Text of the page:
The monsignor said the dynamics of the sacrament of reconciliation are God, confessor, penitent. “In all of this, God is really the one at work,” Msgr. Glosser said, noting the priest is the instrument.
He said the dynamics of pastoral counseling are parishioner, pastor, God. The dynamics of spiritual direction are God, directee and spiritual director.
“In confession, things come up like sexual addiction, and we direct them to pastoral counseling or therapy,” Msgr. Glosser said.
He added when things such as severe depression, suicidal tendencies and abuse come up in pastoral counseling, it’s important for the priest to refer the person to counseling.
Spiritual direction and pastoral counseling are “really two different hats you have to wear,” Father Miller said, advising some people think they want spiritual direction but it really turns out to be pastoral counseling.
The similarities between the two are they both talk about the life experience of the person; neither uses an authoritarian approach – the priest is not there to solve their problem; both facilitate the individual’s growth in freedom; both favor development and process rather than abrupt change or precipitated change; both require trust; and both require careful listening, empathy, care and interest on the part of the counselor or director.
Father Miller said both also deal with resistance – “be patient with them” – and sometimes transference.
Describing the differences between the two, Father Miller said the main focus in pastoral counseling is the counselor and client. “It’s helping them through their problems in life. The meat and potatoes is the counselor-client relationship.”
In spiritual direction, the focus is on the person’s prayer life. “The most important focus is between God and the directee,” Father Miller said.
For example, a person may say he or she had a great sense of inner peace reading about Jesus walking on water. “In spiritual direction, what is happening in someone’s prayer life?”
“The atmosphere in pastoral counseling is the awareness of God’s presence need not be there at all. In spiritual direction, there’s a conscious awareness of God’s presence.”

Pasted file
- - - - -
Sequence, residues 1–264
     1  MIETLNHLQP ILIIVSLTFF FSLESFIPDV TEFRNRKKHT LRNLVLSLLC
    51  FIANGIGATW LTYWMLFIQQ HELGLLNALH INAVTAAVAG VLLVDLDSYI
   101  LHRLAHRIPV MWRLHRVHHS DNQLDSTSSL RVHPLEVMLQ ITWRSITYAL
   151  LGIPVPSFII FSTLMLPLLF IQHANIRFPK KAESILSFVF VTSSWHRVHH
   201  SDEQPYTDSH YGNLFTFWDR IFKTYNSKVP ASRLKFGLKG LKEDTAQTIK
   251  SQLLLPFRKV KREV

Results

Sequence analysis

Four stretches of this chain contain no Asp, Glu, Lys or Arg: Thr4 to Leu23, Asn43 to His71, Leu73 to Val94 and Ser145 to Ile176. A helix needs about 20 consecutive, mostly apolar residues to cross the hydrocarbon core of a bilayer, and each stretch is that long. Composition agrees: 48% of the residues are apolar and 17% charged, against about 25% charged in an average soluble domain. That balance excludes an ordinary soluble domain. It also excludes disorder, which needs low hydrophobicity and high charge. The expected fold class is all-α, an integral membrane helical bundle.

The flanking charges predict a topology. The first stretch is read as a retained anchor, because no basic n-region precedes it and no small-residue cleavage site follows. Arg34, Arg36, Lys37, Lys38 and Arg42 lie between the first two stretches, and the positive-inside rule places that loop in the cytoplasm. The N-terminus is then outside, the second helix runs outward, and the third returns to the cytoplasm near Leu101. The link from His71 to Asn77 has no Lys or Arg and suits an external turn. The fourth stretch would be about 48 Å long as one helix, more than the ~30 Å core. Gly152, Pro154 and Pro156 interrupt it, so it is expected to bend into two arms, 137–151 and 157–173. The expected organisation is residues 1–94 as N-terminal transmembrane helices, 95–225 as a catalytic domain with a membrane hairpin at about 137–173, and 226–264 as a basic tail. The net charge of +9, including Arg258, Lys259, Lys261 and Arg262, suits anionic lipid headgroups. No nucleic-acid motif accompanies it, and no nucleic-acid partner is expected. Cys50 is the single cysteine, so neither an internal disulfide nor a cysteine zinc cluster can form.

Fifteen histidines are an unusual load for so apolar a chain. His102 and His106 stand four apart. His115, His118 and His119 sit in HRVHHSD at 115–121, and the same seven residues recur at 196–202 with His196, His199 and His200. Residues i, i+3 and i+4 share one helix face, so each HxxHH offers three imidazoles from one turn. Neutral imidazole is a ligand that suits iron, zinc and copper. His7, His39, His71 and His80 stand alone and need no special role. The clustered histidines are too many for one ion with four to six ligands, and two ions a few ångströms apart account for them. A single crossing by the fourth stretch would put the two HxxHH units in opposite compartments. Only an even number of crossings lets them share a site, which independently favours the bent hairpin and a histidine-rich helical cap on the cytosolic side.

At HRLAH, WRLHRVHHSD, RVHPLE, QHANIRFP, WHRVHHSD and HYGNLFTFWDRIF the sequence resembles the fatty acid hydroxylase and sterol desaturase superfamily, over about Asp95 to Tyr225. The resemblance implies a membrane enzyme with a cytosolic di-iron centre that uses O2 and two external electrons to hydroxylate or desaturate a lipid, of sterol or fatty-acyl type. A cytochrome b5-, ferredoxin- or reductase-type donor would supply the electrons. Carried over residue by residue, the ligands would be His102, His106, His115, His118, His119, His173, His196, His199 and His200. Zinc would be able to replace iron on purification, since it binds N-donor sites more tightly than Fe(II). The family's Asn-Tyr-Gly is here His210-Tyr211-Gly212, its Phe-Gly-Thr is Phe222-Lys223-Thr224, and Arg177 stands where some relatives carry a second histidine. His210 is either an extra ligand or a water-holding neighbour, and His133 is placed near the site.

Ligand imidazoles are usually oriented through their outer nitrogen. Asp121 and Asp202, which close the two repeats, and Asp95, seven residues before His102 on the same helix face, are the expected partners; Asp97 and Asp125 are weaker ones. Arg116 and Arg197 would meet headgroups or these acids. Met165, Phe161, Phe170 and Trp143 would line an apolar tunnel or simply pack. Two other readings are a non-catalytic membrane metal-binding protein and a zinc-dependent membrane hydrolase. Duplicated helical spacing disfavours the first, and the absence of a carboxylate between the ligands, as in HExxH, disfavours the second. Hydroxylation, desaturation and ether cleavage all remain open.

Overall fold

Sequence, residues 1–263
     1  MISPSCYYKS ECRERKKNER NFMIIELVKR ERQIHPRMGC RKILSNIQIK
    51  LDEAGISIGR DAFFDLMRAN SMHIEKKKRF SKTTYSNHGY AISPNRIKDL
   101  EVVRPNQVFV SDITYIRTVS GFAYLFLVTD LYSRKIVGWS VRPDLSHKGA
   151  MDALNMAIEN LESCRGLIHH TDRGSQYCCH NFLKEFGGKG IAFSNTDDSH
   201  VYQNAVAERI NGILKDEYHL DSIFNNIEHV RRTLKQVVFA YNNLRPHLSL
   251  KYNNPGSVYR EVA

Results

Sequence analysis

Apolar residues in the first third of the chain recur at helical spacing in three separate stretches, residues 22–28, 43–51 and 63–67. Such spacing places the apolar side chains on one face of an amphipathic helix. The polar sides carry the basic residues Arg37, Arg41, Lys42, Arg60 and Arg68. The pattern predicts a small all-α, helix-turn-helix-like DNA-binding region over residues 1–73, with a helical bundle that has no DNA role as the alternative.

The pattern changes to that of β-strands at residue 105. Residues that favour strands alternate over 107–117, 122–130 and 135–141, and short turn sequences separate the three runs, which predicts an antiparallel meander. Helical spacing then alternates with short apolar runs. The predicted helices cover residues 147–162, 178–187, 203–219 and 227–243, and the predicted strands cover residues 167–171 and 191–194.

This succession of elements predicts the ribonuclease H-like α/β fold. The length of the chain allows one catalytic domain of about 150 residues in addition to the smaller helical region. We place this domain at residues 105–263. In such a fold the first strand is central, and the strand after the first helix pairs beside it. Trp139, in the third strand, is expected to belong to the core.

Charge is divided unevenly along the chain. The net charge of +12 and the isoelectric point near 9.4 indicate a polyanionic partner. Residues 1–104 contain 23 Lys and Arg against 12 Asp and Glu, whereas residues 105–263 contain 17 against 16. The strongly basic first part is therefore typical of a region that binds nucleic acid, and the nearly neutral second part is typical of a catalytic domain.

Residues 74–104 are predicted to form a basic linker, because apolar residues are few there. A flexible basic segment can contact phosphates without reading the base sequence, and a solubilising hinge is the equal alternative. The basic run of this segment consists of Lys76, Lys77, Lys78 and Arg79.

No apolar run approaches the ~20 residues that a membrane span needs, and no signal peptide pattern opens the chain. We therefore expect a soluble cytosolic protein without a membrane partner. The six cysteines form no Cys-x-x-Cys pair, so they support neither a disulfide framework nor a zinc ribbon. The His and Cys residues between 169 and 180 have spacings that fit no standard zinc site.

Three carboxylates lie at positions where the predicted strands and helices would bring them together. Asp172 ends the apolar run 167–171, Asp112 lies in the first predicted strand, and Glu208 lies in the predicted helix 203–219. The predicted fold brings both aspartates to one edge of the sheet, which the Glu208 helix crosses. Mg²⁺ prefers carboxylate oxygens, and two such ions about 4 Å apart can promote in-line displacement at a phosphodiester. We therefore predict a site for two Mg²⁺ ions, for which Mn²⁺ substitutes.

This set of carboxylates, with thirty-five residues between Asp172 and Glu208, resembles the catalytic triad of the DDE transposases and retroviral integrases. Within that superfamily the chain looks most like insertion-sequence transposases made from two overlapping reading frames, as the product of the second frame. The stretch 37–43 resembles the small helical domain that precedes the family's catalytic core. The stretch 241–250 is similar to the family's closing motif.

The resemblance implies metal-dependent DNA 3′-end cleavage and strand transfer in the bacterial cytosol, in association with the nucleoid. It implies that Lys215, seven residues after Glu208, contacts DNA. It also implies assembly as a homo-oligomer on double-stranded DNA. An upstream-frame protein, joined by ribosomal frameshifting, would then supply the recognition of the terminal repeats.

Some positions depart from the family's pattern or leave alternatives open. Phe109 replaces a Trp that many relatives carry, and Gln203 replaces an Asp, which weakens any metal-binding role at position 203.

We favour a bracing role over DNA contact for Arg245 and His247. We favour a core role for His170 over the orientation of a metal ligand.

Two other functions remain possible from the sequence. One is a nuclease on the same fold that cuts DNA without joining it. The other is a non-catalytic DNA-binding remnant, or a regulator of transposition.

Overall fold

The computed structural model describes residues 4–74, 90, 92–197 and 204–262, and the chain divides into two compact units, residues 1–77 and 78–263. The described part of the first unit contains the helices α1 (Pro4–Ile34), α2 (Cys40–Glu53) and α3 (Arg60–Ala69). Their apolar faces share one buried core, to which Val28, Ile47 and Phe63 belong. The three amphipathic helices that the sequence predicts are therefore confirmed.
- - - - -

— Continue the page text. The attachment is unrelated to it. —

Father Miller said in pastoral counseling, there’s more reflecting upon the person’s life, while in spiritual direction it’s about helping people share their feelings with God.
In addition to Msgr. Glosser and Father Miller, priests in the Diocese who have completed the Institute for Priestly Formation Spiritual Direction Program at The University of St. Mary of the Lake, Munelein, Illinois are Father Andrew Gehringer, pastor of Holy Infancy, Bethlehem; and Father Keith Laskowski, pastor of Our Lady of Mercy, Easton.
Other presentations included David Shellenberger, president of the St. John Vianney Center, Downington, “Self-Care for Priests: The Mental and Spiritual Health of Priests”; and Congregation of the Holy Cross Father Joseph Corpora of the University of Notre Dame, South Bend, Ind., “The Crucial Role of the Pastor in our Catholic Schools.”
In two talks, Father Corpora discussed the pastor’s unique contribution to and support of Catholic schools, and the pastor in an increasingly multicultural and diverse Church.
Session presenters also included Dr. MaryAnne Freeman-Brndjar, an ob-gyn in Macungie, “Pastoral Directives for Natural Family Planning”; Wendy Krisak, Diocesan victim assistance coordinator; and Oblate Father Thomas Dailey, John Cardinal Foley Chair of Homiletics and Social Communications at St. Charles Borromeo Seminary, Philadelphia, “Sharpening our Preaching Skills.”